Rowena & Amelia Coastquest

In so many ways, this week’s door is very ordinary. However, for the performers at Coast Quest, our regional dance eisteddfod, it was the point of no return where they embarked on the exhilarating thrill, or abject terror, of being on stage. For many of the dancers, it was probably a mixture of both.

DSC_5055

Of course, this eisteddfod could have been anywhere. Held in any school or local hall where the stage has that worn out look of a bygone era and there’s no signs of the bells and whistles which come with performing at the likes of the Sydney Opera House.

Yet, these local competitions and performances have their place bringing the best local talent together and extending the dancers’ experience beyond the four walls of their studios. While they might not be the big time, they celebrate a moment in time or might even be a stepping stone. Moreover, for the doting audience, it means the world to see our dancers up there on stage. Indeed, we had a good group of supporters from the studio in the audience and there were cheers and applause as our dancers took to the stage. It was fantastic!

Of course, whenever my daughter competes, I naturally believe she’s the best. I’m absolutely dazzled by her performances. During her new lyrical solo, I even had goosebumps. That’s what it is to be Mum and it’s not my place to be critic. I’m simply her adoring fan. She did very well and naturally we’re very proud. However, quite aside from the results, it was the experience which mattered and it was also very helpful to receive the judges feedback. No doubt, this matches what her teachers have been saying. However, having those thoughts written down in a report by a judge also adds weight.

Tomorrow night, we’ll be off to see our son perform in the Scout & Guides Central Coast Gang Show. So, I’ll be returning with a different stage door next week.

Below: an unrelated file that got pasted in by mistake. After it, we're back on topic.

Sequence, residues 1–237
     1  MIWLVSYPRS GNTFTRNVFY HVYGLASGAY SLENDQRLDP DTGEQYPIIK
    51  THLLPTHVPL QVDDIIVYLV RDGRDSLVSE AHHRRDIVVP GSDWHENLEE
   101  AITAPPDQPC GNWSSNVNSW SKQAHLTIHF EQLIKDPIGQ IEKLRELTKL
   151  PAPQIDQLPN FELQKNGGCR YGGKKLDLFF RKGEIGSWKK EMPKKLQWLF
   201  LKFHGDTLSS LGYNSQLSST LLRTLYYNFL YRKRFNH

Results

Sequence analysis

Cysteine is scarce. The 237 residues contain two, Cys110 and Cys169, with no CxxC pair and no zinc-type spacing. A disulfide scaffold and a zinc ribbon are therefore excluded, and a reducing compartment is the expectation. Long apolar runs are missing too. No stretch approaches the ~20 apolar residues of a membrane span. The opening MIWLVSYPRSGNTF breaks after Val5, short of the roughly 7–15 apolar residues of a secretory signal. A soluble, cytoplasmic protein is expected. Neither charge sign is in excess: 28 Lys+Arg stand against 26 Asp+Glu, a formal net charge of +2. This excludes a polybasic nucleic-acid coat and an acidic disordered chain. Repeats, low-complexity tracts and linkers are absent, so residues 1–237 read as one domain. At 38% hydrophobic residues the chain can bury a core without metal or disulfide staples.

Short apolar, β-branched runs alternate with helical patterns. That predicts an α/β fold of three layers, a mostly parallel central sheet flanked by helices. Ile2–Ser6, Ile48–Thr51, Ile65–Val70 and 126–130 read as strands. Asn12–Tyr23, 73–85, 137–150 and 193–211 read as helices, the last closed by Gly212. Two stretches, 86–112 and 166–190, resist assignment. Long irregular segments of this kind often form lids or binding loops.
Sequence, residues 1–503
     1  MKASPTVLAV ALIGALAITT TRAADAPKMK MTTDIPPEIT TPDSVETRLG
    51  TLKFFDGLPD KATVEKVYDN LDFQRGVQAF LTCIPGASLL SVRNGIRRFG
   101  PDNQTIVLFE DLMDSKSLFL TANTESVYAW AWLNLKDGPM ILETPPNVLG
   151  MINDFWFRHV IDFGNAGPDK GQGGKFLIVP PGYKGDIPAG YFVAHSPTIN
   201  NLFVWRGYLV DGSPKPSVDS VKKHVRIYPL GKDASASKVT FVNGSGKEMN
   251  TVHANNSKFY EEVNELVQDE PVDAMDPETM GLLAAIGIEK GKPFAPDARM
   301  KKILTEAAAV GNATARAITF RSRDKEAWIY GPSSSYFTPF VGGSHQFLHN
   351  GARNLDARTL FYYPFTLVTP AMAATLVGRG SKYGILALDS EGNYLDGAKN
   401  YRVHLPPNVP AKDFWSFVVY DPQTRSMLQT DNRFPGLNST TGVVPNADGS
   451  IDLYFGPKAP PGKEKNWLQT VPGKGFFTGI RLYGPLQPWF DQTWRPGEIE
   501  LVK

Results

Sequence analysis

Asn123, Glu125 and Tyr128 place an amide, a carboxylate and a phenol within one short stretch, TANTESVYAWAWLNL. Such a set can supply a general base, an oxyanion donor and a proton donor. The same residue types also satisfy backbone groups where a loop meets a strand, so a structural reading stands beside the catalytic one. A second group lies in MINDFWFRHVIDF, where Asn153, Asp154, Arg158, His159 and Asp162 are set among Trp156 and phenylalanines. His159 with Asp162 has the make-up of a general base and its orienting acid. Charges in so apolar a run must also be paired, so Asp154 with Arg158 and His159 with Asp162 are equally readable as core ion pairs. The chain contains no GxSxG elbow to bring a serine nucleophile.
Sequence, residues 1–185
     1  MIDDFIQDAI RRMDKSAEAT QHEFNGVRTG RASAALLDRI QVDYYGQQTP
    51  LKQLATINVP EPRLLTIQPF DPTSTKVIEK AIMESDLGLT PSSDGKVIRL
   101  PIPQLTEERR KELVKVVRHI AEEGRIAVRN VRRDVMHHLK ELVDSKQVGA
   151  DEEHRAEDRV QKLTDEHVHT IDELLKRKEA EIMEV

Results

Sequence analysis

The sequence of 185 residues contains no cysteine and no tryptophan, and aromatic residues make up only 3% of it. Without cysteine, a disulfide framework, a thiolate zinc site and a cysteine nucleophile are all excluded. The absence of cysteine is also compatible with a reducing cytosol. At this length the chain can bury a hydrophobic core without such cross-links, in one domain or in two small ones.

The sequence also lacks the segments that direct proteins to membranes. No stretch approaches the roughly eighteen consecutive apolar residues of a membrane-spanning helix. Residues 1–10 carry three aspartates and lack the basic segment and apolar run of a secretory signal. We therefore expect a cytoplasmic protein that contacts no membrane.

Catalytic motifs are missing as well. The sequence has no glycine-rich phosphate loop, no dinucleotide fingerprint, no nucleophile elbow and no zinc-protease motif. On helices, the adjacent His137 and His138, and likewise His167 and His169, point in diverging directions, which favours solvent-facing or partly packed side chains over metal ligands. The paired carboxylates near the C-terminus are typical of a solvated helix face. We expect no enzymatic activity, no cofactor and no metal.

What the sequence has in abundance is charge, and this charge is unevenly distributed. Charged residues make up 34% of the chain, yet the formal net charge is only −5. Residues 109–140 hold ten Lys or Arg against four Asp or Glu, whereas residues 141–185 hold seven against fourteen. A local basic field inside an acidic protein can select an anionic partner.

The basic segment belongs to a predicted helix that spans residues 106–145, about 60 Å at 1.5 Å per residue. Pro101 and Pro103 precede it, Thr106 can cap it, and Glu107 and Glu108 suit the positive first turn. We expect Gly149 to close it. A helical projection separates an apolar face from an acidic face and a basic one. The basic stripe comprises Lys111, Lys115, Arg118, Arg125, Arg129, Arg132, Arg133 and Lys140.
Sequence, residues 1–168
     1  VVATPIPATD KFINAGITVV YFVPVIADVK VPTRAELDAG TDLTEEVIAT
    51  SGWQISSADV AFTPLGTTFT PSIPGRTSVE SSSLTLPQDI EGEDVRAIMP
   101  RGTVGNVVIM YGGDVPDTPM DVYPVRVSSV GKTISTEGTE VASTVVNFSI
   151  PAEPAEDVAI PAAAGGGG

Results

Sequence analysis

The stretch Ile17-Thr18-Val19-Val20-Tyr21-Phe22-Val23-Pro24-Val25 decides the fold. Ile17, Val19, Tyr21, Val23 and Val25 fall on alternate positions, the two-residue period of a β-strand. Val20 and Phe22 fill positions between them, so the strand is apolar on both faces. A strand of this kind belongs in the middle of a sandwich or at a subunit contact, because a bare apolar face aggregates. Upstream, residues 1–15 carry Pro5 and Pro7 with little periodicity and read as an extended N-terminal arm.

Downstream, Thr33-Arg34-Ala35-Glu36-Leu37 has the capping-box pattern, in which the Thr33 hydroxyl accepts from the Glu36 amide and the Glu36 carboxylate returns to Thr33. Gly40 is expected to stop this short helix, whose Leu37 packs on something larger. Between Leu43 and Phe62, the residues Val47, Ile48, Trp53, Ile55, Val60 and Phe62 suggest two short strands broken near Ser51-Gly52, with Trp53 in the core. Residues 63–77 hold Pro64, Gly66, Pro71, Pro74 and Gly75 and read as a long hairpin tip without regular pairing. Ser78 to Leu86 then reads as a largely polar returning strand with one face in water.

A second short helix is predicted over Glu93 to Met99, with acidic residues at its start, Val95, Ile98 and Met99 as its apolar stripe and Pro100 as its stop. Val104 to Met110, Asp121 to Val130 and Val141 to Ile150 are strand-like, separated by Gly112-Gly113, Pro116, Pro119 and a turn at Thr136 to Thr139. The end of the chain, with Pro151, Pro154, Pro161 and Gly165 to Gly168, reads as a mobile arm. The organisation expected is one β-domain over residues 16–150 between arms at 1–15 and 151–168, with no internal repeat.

Thursday Doors is hosted by Norm 2.0

What, if any, experiences do you have of stage door? I’d love to hear from you.

Best wishes,

Rowena

V- Victory…Quotes A to Z Challenge.

“Far better is it to dare mighty things, to win glorious

triumphs, even though checkered by failure… than to

rank with those poor spirits who neither enjoy nor

suffer much, because they live in a gray twilight that

knows not victory nor defeat.”

Theodore Roosevelt

Welcome back to my series of Motivational Quotes for Writers for the Blogging A-Z April Challenge. Today, we up to the letter V and that’s a V for Victory…a phrase which some might recall from WWII and I’m looking forward to experiencing victory when I finally get this book finished and published, even though that is still a way off.

Meanwhile, with the end of the A-Z Challenge only a few days away, I am experiencing a small victory of my own. As you might’ve observed, I’d fallen well behind. However, I’ve managed to catch back up and climb back onto the wagon. I’m giving myself a small pat on the back for that!

This quote leaped out at me today, after spending a good six hours at the local Dance Eisteddfod where our daughter was competing. While I was enjoying the dancing from the front row, I observed victory, defeat and an afternoon of brilliant dancing. Not one of those dancers was hopeless. Yet, they had also raised the bar by putting themselves out there among our local best.  Their own expectations of themselves were incredibly high and they’re at a level where they’re aiming beyond perfect. Their performance also needs to have mood, feeling and that magic X-factor. There’s so much to tackle, that it’s easy to question why you’re doing it. Why didn’t you just stay home?

Indeed, that’s something I’ve asked myself as I’ve put myself through many optional challenges. Why take the hard road when there’s a chance you’ll never make it or won’t be good enough at the end?

Personally, I think that’s part of being human. That we’re meant to keep extending and over-extending ourselves and rising to the challenge rather than living the easy life. That we need a bit of struggle or resistance. That the easy life might not be the good life after all.

“Learn from the past, set vivid, detailed goals for the

future, and live in the only moment of time over which

you have any control: now.”

Denis Waitley

While we’d all like to win, come first, and be victorious, we usually learn more from our failures. That’s something to keep this in mind whenever we face defeat and disappointment, and at least it might lesson its sting.

Lastly, I just wanted to add that sometimes the lesson of defeat is to give up. That we don’t always have what it takes, or we don’t want to put in the required effort to reach the top. This being the case, we can either continue on a less ambitious course, or try our luck elsewhere. It wasn’t meant to be. There’s no shame in that. We’re simply shifting course.

What are your thoughts about victory and defeat? Do you have a favourite quote you’d like to share? Or, perhaps a story about how a significant defeat ultimately helped you to succeed. I’d love to hear from you!

Best wishes,

Rowena